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1945 Theatre Catalog, 4th Edition, Page 172 (150)

1945 Theatre Catalog, 4th Edition
1945 Theatre Catalog
1945 Theatre Catalog, 4th Edition, Page 172
Page 172

1945 Theatre Catalog, 4th Edition, Page 172

Chemists' Developments Find Theatre Uses

Lucite, Nylon, and Plastic-Coated Fabrics To Make Contributions to Post-War Cinemas

With war restrictions on building construction and improvement removed, many theatres, both legitimate and motion-picture, may be in for a face-lifting job. New products of the chemical industry and new applications for old products undoubtedly will influence many proprietors to remodel and renovate their properties, both within and without.

A progressiVe renovation policy has been known to hold many theatre patrons in the face of keen competition. Lack of adequate air-conditioning equipment or none at all is, of course, known to drive patrons into the competitors door. Theatres that need interior rejuvenation generally do not tend to increase their clientele.

Theatre managers must keep a step to the fore in such matters as architectural design and decoration. Showmanship demands it. In this they have a kind of spiritual kinship with the ever-innovating chemical industry. The showman is the first to want to know about the p0ssibilities of anything new from the laboratories. With change likely to be the rule in the post-war world, it may be useful to take a look at how chemical research is now affecting theatre operation and the influences it may bring to bear in the future, based on activities of the E. I. duPont deNemours and Company, Inc., as


Public Relations Department, E. I. drlPonI deNemours and Company. Inc.

a leading manufacturer of chemical products.

Plastics are a good example. While the DuPont company does not expect plastics to be used to any extent as weight-bearing structural members, it is considered likely that they will be found on maintenance equipment and as part of the furnishings and decorations of the average theatre.


The properties of Lucite methyl methacrylate resin, which is an acrylic plastic -crystal-clear, light in weight, and shatter-resistantemake it exceptionally attractive for decorative purposes, particularly for murals, edge-lighted signs, hand rails, and the like.

Lucite push-and-pull bars for doors are already in use in a number of theatres and it is possible that mirrors of Lucite and other plastics will be quite widely used in theatres due to their toughness. Other applications, which emp10y the materials light-transmission characteristics to good advantage, are likely to be mighty welcome in a movie theatre. A

OUT OF AN INEXHAUSTIBLE SOURCE of raw materials-coal, air, and water-chemists have been producing new and vitally important products, like Lucite, the crystal clear plastic manufactured by the E. l. duPont deNemours and Company, Inc. Lucite is clearer than glass, has the ability to pipe light around corners, possesses freedom from color, with strength, lightness, and weather resistance. The photograph, emphasizing the transparency of Lucite, shows one of the many inspections the material must pass in process of manufacture.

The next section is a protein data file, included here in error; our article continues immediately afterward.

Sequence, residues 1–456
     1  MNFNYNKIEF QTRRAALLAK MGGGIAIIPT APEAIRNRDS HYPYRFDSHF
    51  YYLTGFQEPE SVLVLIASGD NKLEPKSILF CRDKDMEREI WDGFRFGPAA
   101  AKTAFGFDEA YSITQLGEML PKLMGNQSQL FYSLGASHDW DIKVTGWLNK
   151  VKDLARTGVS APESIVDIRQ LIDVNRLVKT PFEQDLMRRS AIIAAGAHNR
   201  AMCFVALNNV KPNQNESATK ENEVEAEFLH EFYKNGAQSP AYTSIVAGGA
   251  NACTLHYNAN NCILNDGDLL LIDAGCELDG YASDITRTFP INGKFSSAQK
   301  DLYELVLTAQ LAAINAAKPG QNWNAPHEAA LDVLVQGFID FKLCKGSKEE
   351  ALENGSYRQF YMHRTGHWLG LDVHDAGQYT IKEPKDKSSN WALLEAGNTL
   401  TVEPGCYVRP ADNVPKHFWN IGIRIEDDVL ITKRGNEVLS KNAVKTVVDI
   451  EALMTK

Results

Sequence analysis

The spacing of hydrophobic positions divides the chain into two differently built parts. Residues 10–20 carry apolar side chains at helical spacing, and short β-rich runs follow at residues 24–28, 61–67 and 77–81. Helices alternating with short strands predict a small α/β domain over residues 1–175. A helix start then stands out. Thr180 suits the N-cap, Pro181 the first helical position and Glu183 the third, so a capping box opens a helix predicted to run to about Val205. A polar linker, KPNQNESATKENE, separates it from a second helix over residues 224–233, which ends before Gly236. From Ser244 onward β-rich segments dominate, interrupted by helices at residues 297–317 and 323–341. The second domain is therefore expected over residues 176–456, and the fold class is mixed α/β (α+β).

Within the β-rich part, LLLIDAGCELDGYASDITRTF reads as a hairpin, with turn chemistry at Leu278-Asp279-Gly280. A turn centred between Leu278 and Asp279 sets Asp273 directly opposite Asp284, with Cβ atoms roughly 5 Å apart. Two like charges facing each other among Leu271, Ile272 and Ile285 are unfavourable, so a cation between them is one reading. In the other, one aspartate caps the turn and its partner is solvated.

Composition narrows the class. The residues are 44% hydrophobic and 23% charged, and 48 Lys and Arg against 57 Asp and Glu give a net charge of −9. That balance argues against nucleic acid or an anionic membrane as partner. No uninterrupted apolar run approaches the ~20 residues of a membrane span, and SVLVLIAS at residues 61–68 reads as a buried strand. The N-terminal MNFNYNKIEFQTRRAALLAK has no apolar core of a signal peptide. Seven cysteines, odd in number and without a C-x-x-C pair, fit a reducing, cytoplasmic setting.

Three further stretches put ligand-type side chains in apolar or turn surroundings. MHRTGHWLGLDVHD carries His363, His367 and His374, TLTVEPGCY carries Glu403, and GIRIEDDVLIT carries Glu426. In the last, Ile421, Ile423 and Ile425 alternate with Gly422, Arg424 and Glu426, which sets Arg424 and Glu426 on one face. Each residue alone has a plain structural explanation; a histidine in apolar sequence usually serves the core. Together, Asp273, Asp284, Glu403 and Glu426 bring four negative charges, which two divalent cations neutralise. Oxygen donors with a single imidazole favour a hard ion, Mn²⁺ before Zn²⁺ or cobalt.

bent Lucite rod, for instance, can pipe light around corners and may serve to keep the exit or aisle light glare from/ patronsi eyes.

The possibility of using Lucite sheeting for the face of shadow boxes used on theatre marquees is already in the experimental stage by several individuals, and the results look very promising. Lucite, as is well known, has good weather-resisting and light-carrying characteristics. Some precautions would have to be taken with high-wattage bulbs, but other than this the current grade of sheeting appears to have good possibilities, particularly with the fluorescent type of lighting.

Electrical switchboards and other lighting backstage may involve much use of this material. In many cases, small molded caps of this plastic in various colors are now used on switchboards.

A reflecting lens of Lucite constitutes an important part of a television system now being developed by the RCA Victor Division of the Radio Corporation of America for post-war theatre use. The lens is part of a projecting system employing the optical principle of the Schmidt astronomical camera, but extensive development was required to adapt it to short-throw projection. The high cost of a hand-ground glass correcting lens has been overcome, however, by the development of the methods and equipment for moldng the aspherical correcting lens from clear plastics.


Both nylon, as a plastic, and polythene are highly serviceable as insulating materials and are likely to be of considerable importance in the projection booth and on other theatre equipment. The new nylon compound, which can be applied as a coating on wire at rates of more than 1,000 feet a minute, offers a tough, abrasion-resistant compound for sheathing cables or for the manufacture of tubing. Polythene, the generic name applied to polyethylene plastics by the Imperial Chemical Industries, Ltd., and adopted by DuPont, combines remarkable insulating prOperties with extraordinary lightness. It is tough, Hexible, and has excellent chemical resistance.


Public lounges and back-stage dressing rooms no doubt will utilize Plastacele cellulose acetate plastic for liuorescent lighting shields. This material, a veteran in the comparatively young field of plastics, in combination with opaque or translucent louvres, is marketed in the lighting field under the trade-mark Louverplas and is used extensively on fluorescent equipment. The function of this type of lighting shield is to reduce the glare of fiuorescent lighting and concen CATALOG-1945
1945 Theatre Catalog, 4th Edition, Page 172